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    ABSTRACT: The mononuclear phagocytic system (MPS), comprised of monocyte, macrophage and dendritic cells, is essential in tissue homeostasis and in determining the balance of the immune response through its role in antigen presentation. It has been identified as a therapeutic target in infectious disease, cancer, autoimmune disease and transplant rejection. Here we review the current understanding of the immunophenotype and function of the MPS in normal human liver. Using well-defined selection criteria, a search of MEDLINE and EMBASE databases identified 76 appropriate studies. The majority (n=67) described Kupffer Cells (KC), although the definition of KC differs between sources, and little data were available regarding their function. Only 10 papers looked at liver dendritic cells (DC), and largely confirmed the presence of the major dendritic cell subsets identified in human blood. Monocytes were thoroughly characterized in four studies that utilized flow cytometry and fluorescent microscopy and highlighted their prominent role in liver homeostasis and displayed subtle differences from circulating monocytes. There was some limited evidence that liver DC are tolerogenic but neither liver dendritic cell subsets nor macrophages have been thoroughly characterized using either multi-colour flow cytometry or multi-parameter fluorescence microscopy. The lobular distribution of different subsets of liver MPS cells was also poorly described, and the ability to distinguish between passenger leukocytes and tissue resident cells remains limited. It was apparent that further research using modern immunological techniques is now required to accurately characterise the cells of the MPS in human liver.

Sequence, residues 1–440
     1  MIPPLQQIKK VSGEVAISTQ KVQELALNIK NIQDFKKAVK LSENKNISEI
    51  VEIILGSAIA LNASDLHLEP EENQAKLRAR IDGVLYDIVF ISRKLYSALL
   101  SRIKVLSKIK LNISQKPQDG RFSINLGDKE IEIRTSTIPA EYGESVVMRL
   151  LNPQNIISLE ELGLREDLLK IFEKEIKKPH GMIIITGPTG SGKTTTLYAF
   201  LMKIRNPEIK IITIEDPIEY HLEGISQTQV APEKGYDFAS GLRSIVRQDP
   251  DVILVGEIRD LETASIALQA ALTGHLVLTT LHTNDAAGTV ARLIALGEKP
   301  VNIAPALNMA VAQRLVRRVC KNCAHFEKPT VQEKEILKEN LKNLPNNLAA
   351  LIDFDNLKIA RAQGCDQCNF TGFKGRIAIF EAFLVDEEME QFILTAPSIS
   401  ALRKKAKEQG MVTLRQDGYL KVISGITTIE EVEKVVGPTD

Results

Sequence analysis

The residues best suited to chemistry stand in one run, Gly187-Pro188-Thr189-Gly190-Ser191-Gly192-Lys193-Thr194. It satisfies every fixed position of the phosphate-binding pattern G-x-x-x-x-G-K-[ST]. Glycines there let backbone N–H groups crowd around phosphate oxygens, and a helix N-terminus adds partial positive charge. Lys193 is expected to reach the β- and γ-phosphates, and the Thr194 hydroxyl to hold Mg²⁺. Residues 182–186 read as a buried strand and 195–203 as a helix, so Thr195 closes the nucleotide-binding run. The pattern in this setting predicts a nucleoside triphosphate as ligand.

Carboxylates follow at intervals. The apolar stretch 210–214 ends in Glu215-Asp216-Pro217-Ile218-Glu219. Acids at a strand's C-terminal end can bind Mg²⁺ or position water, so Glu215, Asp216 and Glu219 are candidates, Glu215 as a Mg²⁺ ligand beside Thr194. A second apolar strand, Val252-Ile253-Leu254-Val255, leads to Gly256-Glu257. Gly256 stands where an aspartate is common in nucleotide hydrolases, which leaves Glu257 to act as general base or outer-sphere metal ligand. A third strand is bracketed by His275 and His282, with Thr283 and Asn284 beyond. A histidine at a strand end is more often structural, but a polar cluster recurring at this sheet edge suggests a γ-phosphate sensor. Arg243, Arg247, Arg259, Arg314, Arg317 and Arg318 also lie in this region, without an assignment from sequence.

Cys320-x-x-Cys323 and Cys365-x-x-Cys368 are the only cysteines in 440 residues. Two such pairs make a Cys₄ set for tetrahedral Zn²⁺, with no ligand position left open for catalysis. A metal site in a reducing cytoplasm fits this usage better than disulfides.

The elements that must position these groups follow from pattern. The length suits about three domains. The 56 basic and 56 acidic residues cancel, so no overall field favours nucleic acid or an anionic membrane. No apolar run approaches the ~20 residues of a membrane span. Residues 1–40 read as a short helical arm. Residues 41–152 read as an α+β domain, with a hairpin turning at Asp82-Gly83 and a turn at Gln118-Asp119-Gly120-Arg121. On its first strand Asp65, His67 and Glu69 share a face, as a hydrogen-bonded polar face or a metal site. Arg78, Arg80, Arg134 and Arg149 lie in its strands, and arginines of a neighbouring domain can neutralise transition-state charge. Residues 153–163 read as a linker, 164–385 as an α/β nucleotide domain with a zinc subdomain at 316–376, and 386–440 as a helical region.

Journal of Hepatology 10/2014; 62(2). DOI:10.1016/j.jhep.2014.10.006 · 10.40 Impact Factor